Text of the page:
to measure with a simple line on a graph, but evidence that we live in an age of technological marvels is all around
us—discoveries in genetics and in the structure of particles, the wireless Internet, and other inventions almost too numerous
to count. The U.S. Patent and Trademark Office typically has issued more than 150,000 patents annually in recent years.
This recipe for economic growth—investing in labor productivity, with investments in human capital and technology, as
well as increasing physical capital—also applies to other economies. In South Korea, for example, universal enrollment in
primary school (the equivalent of kindergarten through sixth grade in the United States) had already been achieved by 1965,
when Korea’s GDP per capita was still near its rock bottom low. By the late 1980s, Korea had achieved almost universal
secondary school education (the equivalent of a high school education in the United States). With regard to physical capital,
Korea’s rates of investment had been about 15% of GDP at the start of the 1960s, but doubled to 30–35% of GDP by the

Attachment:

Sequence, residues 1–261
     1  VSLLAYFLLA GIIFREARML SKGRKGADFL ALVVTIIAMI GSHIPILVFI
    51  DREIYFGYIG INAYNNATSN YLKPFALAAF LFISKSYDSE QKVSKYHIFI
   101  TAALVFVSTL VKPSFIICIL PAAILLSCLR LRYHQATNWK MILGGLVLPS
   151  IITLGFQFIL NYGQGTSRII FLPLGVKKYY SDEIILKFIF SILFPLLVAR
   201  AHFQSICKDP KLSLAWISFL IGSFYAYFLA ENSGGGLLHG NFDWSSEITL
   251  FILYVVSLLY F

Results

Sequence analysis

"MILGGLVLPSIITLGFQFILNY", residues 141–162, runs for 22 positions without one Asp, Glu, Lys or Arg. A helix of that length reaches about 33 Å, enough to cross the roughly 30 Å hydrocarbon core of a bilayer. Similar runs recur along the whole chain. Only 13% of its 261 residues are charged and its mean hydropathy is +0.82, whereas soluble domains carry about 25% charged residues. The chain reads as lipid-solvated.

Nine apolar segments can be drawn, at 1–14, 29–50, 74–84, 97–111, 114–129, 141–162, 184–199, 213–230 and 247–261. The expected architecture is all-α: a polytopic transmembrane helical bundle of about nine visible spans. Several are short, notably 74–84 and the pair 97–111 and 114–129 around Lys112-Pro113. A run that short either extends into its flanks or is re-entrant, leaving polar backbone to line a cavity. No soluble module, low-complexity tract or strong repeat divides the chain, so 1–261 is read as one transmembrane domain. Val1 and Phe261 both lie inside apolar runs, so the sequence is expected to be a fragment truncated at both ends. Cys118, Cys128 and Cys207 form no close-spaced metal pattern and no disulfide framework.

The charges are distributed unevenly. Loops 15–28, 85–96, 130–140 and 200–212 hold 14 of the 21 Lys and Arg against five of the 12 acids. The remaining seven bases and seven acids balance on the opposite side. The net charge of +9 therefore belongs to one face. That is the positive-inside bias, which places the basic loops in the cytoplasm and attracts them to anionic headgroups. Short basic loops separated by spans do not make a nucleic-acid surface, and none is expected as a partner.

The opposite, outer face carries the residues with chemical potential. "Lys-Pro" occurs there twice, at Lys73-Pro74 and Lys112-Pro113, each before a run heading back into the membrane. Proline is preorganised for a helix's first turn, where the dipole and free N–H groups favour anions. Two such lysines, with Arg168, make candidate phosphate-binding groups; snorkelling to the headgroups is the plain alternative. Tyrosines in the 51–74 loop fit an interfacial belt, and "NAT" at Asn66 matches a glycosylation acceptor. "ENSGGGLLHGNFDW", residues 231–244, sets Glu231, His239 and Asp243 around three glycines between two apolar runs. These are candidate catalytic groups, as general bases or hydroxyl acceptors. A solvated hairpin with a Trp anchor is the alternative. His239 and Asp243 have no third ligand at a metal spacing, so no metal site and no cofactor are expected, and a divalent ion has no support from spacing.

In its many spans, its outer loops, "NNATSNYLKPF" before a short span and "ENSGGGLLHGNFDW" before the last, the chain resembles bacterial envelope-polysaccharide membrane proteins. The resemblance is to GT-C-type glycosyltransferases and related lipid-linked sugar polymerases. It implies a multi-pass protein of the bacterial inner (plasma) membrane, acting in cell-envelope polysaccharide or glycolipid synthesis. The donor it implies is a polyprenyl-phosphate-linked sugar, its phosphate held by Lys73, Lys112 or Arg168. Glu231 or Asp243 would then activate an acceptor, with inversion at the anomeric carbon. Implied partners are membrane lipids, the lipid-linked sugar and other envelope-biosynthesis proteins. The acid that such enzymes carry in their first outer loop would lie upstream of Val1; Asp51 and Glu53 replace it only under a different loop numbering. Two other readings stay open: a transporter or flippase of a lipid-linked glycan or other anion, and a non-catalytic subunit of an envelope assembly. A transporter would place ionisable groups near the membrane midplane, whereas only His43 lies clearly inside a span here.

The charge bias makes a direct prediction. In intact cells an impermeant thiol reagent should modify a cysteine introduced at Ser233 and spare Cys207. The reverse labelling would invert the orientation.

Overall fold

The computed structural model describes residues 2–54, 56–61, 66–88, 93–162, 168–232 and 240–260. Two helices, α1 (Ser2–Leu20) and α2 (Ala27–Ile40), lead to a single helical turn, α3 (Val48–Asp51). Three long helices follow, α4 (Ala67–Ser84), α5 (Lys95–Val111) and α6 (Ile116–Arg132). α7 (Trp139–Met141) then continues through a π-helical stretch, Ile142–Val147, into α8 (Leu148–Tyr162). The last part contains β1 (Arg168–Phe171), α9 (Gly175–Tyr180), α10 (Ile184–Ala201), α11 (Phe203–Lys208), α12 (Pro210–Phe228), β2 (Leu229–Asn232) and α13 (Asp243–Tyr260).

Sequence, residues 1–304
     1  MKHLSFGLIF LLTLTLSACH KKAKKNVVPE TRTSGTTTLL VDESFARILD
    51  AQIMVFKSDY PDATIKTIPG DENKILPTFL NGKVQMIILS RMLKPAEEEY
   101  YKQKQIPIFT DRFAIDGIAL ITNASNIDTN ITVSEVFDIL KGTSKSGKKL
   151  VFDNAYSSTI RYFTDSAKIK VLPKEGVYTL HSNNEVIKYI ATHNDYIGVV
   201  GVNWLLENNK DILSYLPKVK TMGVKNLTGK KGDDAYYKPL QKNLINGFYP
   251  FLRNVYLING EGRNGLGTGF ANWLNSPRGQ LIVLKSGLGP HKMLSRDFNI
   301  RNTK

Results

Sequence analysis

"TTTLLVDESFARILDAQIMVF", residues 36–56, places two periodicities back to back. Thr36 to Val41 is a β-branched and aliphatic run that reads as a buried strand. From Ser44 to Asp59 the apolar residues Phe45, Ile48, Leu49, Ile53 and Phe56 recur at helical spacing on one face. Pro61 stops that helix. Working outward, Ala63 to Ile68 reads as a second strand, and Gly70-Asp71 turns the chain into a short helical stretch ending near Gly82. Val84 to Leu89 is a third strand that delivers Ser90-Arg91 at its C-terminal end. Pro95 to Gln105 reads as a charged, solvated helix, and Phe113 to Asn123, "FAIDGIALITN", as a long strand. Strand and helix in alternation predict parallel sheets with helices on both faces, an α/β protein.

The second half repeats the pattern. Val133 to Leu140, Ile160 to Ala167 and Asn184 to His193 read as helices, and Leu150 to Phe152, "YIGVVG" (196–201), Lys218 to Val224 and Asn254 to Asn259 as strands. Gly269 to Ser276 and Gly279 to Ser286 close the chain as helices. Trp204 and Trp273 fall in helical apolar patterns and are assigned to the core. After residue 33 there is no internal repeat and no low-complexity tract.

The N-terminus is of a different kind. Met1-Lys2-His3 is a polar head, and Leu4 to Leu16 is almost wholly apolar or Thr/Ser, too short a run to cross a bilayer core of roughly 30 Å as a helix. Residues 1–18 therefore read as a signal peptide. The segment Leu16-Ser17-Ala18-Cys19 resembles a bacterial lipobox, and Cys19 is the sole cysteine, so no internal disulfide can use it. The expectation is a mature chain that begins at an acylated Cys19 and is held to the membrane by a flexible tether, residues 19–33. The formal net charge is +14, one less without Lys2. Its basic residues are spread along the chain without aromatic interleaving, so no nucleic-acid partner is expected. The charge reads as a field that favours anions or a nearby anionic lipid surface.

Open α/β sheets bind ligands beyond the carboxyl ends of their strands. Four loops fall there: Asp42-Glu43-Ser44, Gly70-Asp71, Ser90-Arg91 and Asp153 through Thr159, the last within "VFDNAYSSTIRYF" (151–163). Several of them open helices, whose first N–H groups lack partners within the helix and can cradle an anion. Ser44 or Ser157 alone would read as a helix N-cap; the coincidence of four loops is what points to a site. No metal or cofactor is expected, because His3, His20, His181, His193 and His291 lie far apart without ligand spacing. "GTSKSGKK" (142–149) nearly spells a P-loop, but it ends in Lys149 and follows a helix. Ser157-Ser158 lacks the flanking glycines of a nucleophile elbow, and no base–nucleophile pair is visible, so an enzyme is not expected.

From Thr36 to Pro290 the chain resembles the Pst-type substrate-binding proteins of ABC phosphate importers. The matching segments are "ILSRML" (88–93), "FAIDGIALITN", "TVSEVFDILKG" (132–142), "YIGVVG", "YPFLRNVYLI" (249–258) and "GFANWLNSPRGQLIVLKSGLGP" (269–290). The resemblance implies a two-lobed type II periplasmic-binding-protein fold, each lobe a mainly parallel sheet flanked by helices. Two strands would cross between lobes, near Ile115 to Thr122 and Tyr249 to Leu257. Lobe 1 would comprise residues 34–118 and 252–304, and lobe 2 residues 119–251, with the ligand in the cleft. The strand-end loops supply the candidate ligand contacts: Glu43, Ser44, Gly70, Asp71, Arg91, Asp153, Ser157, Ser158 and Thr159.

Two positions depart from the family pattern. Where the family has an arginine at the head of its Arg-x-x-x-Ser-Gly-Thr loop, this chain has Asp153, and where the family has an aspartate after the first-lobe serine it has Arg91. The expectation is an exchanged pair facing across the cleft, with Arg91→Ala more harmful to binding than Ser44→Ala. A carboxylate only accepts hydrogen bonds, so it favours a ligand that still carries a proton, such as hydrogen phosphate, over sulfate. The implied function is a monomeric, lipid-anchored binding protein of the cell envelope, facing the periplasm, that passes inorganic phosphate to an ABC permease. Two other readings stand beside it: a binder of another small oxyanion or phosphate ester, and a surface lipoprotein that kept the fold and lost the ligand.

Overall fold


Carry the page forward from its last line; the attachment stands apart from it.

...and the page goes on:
late 1960s and early 1970s. With regard to technology, South Korean students went to universities and colleges around the
world to get scientific and technical training, and South Korean firms reached out to study and form partnerships with firms
that could offer them technological insights. These factors combined to foster South Korea’s high rate of economic growth.
Growth Accounting Studies
Since the late 1950s, economists have conducted growth accounting studies to determine the extent to which physical and
human capital deepening and technology have contributed to growth. The usual approach uses an aggregate production
function to estimate how much of per capita economic growth can be attributed to growth in physical capital and human
capital. These two inputs can be measured, at least roughly. The part of growth that is unexplained by measured inputs,
called the residual, is then attributed to growth in technology. The exact numerical estimates differ from study to study and
from country to country, depending on how researchers measured these three main factors over what time horizons. For
studies of the U.S. economy, three lessons commonly emerge from growth accounting studies.
First, technology is typically the most important contributor to U.S. economic growth. Growth in human capital and physical
capital often explains only half or less than half of the economic growth that occurs. New ways of doing things are